The High Museum of Art
Introduce your kids to the world of art at The High Museum of Art. The High was remodeled in 2005 with a new addition by famed Italian architect Renzo Piano. It’s an amazing structure with permanent and temporary exhibits. They have the Greene Family Learning Center where kids can play in a spacious room divided into the following sections: Building Buildings, Making a Mark, Telling Stories, Sculpting Spaces, and Transforming Treasure. The museum has an abundance of activity for kids listed on their website.
Pay a visit to the Georgia Aquarium as it’s one of the world’s largest aquariums. With more than 8.5 million U.S. gallons of marine and fresh water fish, the Aquarium houses more than 100,000 animals of 500 species. Your kids will see many amazing creatures – sharks, whales, manta rays, stingrays and so much more.
The highlight of our visit was show called Dolphin Tales. We saw dolphins leaping high in the air through showers spouting from each side of the theater, with others dancing fin-in-hand with their trainers or swimming at lightning speeds around the giant tank, stopping to pose on the edge or wave at the audience and my kids were temporarily spellbound. They also loved touching and feeling many of the fish on display. Thumbs up all around for this amazing attraction.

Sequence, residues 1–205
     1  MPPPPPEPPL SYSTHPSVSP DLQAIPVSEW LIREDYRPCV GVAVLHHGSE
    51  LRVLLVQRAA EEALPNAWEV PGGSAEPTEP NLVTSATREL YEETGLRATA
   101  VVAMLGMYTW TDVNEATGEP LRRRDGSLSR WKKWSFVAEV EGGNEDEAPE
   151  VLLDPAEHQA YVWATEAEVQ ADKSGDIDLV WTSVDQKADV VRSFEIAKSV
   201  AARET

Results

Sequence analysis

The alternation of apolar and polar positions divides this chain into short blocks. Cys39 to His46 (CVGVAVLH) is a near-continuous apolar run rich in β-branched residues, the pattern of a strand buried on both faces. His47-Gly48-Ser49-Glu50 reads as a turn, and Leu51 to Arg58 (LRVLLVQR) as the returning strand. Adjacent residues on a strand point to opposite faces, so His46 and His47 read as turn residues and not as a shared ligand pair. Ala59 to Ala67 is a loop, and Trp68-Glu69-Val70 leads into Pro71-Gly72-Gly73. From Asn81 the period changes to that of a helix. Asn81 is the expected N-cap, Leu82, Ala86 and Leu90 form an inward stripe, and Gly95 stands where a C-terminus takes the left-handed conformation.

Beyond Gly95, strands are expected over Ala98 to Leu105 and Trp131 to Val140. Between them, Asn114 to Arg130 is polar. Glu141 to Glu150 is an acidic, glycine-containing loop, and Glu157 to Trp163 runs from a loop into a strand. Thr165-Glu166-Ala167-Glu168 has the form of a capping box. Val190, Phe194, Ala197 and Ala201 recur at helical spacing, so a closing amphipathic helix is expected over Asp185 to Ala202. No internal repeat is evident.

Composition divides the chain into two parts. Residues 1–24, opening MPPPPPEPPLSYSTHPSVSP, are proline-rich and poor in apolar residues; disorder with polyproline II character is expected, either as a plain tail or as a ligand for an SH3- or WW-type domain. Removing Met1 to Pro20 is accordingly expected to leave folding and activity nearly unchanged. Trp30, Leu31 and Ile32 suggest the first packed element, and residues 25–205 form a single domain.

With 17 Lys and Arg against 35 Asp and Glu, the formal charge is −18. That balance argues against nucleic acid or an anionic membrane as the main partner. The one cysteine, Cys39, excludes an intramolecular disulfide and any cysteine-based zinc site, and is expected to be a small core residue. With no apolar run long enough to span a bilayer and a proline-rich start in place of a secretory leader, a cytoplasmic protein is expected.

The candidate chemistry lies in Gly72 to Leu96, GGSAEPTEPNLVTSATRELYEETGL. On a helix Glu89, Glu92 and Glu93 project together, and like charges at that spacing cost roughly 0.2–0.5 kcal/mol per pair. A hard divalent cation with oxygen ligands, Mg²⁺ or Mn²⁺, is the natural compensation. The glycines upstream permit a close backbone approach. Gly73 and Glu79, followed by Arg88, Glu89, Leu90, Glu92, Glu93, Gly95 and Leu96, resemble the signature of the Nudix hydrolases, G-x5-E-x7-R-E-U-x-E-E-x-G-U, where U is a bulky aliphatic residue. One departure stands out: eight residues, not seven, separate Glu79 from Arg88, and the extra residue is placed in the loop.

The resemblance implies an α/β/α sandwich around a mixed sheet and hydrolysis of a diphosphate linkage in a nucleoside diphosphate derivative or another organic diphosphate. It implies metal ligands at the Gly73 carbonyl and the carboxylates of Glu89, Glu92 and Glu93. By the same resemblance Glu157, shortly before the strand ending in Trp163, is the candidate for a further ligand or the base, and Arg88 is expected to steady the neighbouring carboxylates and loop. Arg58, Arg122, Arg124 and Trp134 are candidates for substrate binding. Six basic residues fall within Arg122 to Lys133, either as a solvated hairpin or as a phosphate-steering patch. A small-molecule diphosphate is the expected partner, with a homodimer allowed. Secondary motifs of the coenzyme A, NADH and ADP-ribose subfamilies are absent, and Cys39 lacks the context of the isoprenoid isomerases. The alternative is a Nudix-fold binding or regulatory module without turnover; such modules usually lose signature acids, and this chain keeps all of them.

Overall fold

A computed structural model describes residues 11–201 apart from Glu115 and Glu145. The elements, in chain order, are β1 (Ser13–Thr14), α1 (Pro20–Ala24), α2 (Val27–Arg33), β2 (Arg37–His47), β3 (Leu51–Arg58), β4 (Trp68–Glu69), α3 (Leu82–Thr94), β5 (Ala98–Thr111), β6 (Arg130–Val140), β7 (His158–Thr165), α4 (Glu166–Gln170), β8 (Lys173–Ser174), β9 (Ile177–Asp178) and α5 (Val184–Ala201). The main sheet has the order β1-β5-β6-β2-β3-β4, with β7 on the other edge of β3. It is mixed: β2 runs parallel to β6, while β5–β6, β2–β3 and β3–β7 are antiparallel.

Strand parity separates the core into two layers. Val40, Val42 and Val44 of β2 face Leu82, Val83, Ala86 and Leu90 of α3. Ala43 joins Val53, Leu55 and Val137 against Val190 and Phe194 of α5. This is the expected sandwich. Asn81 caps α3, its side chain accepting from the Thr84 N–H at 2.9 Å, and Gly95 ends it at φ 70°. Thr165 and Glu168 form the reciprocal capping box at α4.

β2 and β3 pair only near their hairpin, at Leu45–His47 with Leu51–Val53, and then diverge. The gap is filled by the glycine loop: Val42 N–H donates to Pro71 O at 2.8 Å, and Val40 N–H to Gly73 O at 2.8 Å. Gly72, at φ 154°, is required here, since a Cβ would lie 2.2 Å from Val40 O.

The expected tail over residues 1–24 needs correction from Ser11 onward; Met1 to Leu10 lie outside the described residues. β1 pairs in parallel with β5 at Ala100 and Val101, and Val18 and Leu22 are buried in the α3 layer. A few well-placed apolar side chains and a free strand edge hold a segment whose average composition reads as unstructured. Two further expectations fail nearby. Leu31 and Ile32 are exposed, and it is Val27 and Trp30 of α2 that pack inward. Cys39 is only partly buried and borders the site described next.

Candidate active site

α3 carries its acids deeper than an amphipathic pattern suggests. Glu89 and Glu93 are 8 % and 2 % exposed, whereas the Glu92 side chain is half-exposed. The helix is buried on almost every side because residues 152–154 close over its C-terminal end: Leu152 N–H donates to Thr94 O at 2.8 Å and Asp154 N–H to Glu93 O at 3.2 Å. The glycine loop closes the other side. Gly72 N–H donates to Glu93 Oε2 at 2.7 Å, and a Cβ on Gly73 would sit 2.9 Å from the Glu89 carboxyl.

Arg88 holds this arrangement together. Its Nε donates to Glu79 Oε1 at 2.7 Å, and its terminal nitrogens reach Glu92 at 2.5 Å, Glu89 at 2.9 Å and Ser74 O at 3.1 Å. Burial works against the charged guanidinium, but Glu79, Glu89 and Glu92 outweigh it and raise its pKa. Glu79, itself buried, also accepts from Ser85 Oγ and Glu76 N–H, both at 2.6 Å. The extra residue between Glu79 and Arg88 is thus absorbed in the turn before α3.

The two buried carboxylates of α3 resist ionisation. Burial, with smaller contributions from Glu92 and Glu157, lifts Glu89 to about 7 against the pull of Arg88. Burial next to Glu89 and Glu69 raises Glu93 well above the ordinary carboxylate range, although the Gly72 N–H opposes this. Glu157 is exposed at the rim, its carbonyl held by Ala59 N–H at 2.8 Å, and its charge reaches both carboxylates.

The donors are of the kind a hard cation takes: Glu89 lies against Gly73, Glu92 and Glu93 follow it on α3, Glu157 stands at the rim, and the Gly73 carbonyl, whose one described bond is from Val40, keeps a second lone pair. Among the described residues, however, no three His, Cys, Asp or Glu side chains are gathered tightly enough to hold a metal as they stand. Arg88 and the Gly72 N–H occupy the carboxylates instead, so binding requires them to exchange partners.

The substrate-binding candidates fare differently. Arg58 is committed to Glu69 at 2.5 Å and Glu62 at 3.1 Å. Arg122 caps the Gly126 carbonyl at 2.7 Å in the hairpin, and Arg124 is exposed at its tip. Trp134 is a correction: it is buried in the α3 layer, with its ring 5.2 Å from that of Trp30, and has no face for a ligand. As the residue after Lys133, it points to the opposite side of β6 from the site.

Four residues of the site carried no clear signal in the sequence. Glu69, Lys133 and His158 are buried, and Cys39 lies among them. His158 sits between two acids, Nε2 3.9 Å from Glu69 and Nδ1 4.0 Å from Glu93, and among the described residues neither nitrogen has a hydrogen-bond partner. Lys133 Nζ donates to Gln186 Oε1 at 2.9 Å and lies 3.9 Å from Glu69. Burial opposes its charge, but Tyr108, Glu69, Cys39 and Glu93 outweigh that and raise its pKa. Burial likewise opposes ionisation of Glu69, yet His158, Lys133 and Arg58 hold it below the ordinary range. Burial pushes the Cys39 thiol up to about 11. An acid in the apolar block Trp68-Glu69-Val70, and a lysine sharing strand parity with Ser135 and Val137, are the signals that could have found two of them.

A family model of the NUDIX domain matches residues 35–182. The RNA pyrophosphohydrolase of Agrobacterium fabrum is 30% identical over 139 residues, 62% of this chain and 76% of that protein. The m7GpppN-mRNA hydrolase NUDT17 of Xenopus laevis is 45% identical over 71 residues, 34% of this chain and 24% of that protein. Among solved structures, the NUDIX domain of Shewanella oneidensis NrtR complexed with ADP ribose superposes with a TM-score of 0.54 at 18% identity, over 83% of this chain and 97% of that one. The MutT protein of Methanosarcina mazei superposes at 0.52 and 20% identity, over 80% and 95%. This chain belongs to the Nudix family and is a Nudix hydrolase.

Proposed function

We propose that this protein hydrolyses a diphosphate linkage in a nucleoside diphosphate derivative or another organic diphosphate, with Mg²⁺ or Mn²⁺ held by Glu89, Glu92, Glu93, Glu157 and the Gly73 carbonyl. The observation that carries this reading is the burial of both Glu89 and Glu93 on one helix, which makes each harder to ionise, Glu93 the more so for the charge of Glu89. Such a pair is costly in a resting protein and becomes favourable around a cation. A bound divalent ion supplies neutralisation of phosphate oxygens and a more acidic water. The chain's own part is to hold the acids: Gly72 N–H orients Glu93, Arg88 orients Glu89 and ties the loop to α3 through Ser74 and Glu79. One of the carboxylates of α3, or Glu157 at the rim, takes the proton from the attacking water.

Imagine It! The Children’s Museum of Atlanta
Imagine It! The Children’s Museum of Atlanta is an ideal way for kids to spend the afternoon. It’s a hands-on museum and is one big interactive playground for kids to wander around and explore. This attraction is perfect for toddlers and pre-school aged children.
Center for Puppetry Arts
Learn the history of puppetry at the Center for Puppetry Arts or your kids can build your own puppet while you’re there. The museum includes 2,000 objects from all over the world. We saw all types of puppets in this exhibit from wooden to fabric to animatronic (remote control).